Domestic Abuse

A Report from Jerusalem: The Kolech Conference

JOFA Journal

Goldberg discusses the central themes of Kolech's third international conference, "To Be a Jewish Woman". The conference was energized by discussions about the symbiosis between American and Israeli feminists, and demonstrated Kolech's strength as an advocate for women who charge men with sexual abuse and harassment, emphasizing the importance of creating safe spaces for victims to tell their stories.

Initiatives to Address Physical Violence by Jewish Husbands, 218 B.C.E. - 1400 C.E

Journal of Religion and Abuse

This article examines texts that were composed more than 600 years ago in varied parts of the world and that attest to physical abuse of wives by Jewish husbands. The author maintains that that those texts were composed because someone earnestly undertook to address that violence. It shows this by rendering those texts into two dozen vignettes in which wives, their male relatives, and communal leaders sought to stop spousal violence

Domestic Abuse And The Jewish Community: Perspectives From The First International Conference


Breaking the cycle of domestic violence and abuse poses unique problems for the Jewish community, owing to the internal divisions of politics, religious practice, and culture. However, creating strategies to work together based upon the shared values of Judaism can strip away those differences. Domestic Abuse and the Jewish Community: Perspectives from the First International Conference brings together an outstanding and diverse selection of notable presentations from the First International Conference on Domestic Abuse in the Jewish Community held in July 2003 in Baltimore, Maryland. The conference, entitled "Pursuing Truth, Justice, and Righteousness: A Call to Action," brought to the forefront the disturbing, many times hidden issue of domestic abuse within the Jewish community. Respected scholars, clergy, social service professionals, and survivors provide insightful presentations that lay an essential foundation for the building of a collaborative global Jewish movement to respond to this sensitive issue.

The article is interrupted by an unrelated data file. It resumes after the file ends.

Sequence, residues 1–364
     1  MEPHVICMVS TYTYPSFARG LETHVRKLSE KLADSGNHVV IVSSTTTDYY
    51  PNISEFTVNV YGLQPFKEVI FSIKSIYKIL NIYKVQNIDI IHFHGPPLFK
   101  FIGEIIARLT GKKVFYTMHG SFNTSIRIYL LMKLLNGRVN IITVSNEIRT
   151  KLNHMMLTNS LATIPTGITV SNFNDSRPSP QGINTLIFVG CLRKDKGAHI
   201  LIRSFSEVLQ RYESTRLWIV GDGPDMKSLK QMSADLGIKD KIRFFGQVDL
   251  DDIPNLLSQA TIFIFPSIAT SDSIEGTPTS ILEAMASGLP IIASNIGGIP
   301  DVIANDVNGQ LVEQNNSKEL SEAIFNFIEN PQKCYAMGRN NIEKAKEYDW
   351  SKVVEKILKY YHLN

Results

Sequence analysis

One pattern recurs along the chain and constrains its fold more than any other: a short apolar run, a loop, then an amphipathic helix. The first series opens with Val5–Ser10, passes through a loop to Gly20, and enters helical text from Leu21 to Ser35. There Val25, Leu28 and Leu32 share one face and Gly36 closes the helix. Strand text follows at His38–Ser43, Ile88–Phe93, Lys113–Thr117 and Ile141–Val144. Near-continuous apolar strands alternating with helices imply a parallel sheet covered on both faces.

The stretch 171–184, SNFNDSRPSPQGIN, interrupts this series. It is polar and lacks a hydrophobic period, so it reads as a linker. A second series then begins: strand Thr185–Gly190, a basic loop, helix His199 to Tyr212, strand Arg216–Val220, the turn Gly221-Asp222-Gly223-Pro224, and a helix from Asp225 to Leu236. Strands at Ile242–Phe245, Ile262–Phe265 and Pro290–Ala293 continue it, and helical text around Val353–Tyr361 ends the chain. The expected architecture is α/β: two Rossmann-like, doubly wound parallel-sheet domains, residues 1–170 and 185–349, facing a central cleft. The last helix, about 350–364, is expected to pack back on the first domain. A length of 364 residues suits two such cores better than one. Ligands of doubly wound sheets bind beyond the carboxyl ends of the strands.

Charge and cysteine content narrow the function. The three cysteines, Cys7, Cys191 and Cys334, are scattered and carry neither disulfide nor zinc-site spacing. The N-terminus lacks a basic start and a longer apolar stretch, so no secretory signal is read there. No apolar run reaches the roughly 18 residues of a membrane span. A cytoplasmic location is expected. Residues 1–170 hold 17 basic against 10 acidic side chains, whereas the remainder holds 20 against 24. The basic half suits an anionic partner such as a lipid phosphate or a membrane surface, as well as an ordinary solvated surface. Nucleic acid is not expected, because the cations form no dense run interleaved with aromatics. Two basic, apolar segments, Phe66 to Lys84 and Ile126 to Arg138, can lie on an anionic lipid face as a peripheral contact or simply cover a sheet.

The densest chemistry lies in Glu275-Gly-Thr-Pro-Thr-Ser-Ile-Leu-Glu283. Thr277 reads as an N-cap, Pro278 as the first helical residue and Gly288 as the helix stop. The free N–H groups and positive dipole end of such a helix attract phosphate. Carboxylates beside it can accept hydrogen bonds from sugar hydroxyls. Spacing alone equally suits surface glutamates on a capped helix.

Domestic Violence and the Jewish Community: The Literature Expands

Nashim: A Journal of Jewish Women's Studies and Gender Issues

In this article, Kaufman (author of Sins of Omission: The Jewish Community's Reaction to Domestic Violence [Westview Press, 2003]) reviews the literature published on the issue of domestic abuse in the Jewish community, including  Julie Ringold Spitzer’s When Love in Not Enough: Spousal Abuse in Rabbinic and Contemporary Judaism (1985, 1991, 1995), A. Twerski’s The Shame Born of Silence: Spouse Abuse in the Jewish Community (1996), N. Graetz’ Silence is Deadly: Judaism Confronts Wifebeating (1998), and most recently, When the Vow Breaks:  Building a Response to Domestic Abuse in the Jewish Community (2005).  This is a thorough review and constitutes preliminary, critical reading for any rabbi, lay leader, Jewish educator or counselor involved in cases of domestic or sexual abuse. 

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